Linked by Shlomi Fish on Sat 16th Oct 2004 07:28 UTC
General Development The purpose of this essay is to explain why I believe Perl 6, the way it currently seems to progress, is the wrong thing at the wrong time, and why I predict (with all the expected caveats of predicting something) that it won't be successful. I will also suggest a better alternative for the future of Perl which makes more sense at this point.
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I have been really looking forward to Perl 6. I will readily admit that I don't understand everything going on in the Apocalypses and even some of the Exegeses (a lot of it seems to presume a familiarity with "inside talk" in the Perl developer community.). Of course, I'm sure if I spent more time, and kept another couple Firefox tabs open to Google and Google Groups, I could probably figure it out eventually. But, what I do already understand of it really looks great.

Meanwhile, I really *don't* understand some of the author's complaints. Yes, Perl 6 will allow for some very complex esoteric stuff, but from what I read it will also allow the simple stuff to be even simpler. So I don't think the problem is complexity. I agree there will have to be discussion in many development shops about whether, where and when to use Perl 6, but even then, there is no closed door. Perl 6 programs will easily be able to incorporate libraries from Perl 5, (and as I understand, even vice-versa, via Parrot and Ponie). Other than those complaints, it seems like Perl 6 addresses many, many valid complaints about Perl.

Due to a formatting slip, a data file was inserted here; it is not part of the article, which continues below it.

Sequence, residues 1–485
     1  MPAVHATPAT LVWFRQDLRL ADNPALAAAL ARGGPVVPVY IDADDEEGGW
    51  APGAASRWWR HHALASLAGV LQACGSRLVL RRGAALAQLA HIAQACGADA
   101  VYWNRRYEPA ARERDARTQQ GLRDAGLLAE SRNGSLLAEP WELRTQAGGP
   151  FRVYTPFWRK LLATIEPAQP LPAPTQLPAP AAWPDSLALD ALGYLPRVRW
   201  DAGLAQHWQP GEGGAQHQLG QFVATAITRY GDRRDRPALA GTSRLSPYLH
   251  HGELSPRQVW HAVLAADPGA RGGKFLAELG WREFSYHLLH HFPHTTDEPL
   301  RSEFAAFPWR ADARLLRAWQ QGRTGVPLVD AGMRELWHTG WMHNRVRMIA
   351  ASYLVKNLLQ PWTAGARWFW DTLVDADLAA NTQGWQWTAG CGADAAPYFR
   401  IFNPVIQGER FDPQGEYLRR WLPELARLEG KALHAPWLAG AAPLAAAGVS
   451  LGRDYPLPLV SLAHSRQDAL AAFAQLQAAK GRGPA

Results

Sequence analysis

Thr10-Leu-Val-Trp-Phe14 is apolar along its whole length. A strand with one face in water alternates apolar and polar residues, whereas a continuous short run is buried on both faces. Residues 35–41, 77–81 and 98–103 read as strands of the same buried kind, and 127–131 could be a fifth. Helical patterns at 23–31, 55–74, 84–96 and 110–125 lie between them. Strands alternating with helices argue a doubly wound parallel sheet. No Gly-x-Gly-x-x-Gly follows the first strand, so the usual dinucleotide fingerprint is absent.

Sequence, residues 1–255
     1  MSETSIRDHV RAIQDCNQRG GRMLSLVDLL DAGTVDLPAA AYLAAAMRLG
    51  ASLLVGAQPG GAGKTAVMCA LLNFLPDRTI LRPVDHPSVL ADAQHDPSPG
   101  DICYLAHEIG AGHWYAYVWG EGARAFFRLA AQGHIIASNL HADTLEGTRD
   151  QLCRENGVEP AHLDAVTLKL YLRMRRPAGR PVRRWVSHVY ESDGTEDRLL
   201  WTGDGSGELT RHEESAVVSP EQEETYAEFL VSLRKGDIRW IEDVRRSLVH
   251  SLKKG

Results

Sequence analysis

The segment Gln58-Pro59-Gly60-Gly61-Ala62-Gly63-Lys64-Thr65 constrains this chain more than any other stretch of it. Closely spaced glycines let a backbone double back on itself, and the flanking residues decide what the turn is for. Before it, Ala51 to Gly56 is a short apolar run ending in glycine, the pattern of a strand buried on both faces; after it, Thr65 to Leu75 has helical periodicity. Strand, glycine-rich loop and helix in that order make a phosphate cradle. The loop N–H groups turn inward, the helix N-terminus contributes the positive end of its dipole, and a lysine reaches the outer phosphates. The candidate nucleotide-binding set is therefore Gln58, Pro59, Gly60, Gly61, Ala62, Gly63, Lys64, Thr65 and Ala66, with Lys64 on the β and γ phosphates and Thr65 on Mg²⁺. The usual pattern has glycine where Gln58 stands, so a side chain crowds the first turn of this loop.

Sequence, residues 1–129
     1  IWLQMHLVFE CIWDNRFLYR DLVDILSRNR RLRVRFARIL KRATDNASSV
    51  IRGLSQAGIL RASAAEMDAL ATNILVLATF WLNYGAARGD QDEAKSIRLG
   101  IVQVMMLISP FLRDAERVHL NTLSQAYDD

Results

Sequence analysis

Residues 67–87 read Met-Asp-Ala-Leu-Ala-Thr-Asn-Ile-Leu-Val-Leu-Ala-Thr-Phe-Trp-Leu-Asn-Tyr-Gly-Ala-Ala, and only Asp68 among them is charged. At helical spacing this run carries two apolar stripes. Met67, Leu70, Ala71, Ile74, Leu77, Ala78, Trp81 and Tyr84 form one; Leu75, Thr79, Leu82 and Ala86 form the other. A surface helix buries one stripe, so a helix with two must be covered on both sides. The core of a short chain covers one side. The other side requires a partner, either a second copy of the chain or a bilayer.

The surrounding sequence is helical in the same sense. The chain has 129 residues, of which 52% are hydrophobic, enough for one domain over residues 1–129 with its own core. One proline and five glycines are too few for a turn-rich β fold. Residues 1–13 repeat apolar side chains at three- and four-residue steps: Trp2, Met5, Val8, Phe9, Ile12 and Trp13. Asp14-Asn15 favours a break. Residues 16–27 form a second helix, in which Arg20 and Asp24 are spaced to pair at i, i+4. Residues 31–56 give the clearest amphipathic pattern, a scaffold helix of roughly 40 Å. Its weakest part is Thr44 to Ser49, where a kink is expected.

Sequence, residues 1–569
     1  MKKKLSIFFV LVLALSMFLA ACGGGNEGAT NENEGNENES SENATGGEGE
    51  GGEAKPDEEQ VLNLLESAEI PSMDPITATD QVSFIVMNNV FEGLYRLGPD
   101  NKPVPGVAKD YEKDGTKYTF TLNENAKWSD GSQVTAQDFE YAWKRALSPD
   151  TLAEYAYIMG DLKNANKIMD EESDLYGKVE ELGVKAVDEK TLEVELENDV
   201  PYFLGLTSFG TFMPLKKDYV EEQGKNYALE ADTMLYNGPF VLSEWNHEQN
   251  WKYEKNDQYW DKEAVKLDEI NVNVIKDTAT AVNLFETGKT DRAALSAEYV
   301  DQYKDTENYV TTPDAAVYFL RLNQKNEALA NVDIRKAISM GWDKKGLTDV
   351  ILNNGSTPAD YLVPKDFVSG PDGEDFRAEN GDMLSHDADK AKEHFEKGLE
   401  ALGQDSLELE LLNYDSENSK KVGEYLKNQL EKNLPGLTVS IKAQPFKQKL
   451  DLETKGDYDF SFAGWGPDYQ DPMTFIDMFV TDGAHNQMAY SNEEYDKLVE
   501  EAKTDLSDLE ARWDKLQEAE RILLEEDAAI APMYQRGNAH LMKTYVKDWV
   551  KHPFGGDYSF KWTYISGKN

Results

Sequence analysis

I think its fairly well understood that version 6 is not supposed to be part of the progression of Perl 4, 5, etc... but a new language. In the article I see "Here's a better idea: Let's continue to develop Perl 5...". Umm... that's not a "better" idea; that's in fact what they are doing. Larry Wall himself said several times that he doesn't expect Perl 5 to go away for many years. So where's the problem? They can keep incrementing points all they want from 5.8.x onward, making the increments smaller and smaller, because that in fact represents the reality of how much Perl 5 would change to stay recognizable. If The Perl project falls into the (author-recommended) trap of relentlessly incrementing Perl 5 until it becomes what Perl 6 intends, over the period of 10 years, that means 10 years of headaches, small paradign shifts, and minor incompatibilities along the way. No thanks.

The whole point of this exercise was to make a clean break of things, and inject some new life into the world of programming, while still not closing the door on the existing world of Perl 5. I personally admire the guts it took to do this, and I think the programming world in general will be the better off for this. Perl has always been driven by a certain amount of fun and playfulness, and I think Perl 6 is perfectly in keeping with that spirit. I have actually put off studying Perl 5 because I am looking forward to Perl 6. Since I never was much of a Perl 5 hacker anyway, I figure moving to Perl 6 won't be too much of a headache. So, while the diehard Perl users can stick with 5.x all they want, Perl 6 stands to win a lot of new converts from people who like the newer scripting languages, and from people genuinely interested in advanced programming concepts.

I have used Perl 5 occasionally, but in the end there were just so many... oddities. I still think Perl is a fun language, but I tended to lean more towards simpler (PHP) or more sophisticated (Python). But Perl 6 looks to me like many of the oddities are cleaned up: it will allow one to choose all the simplicity of a PHP-like approach or the sophistication of a Python/Ruby/functional of language.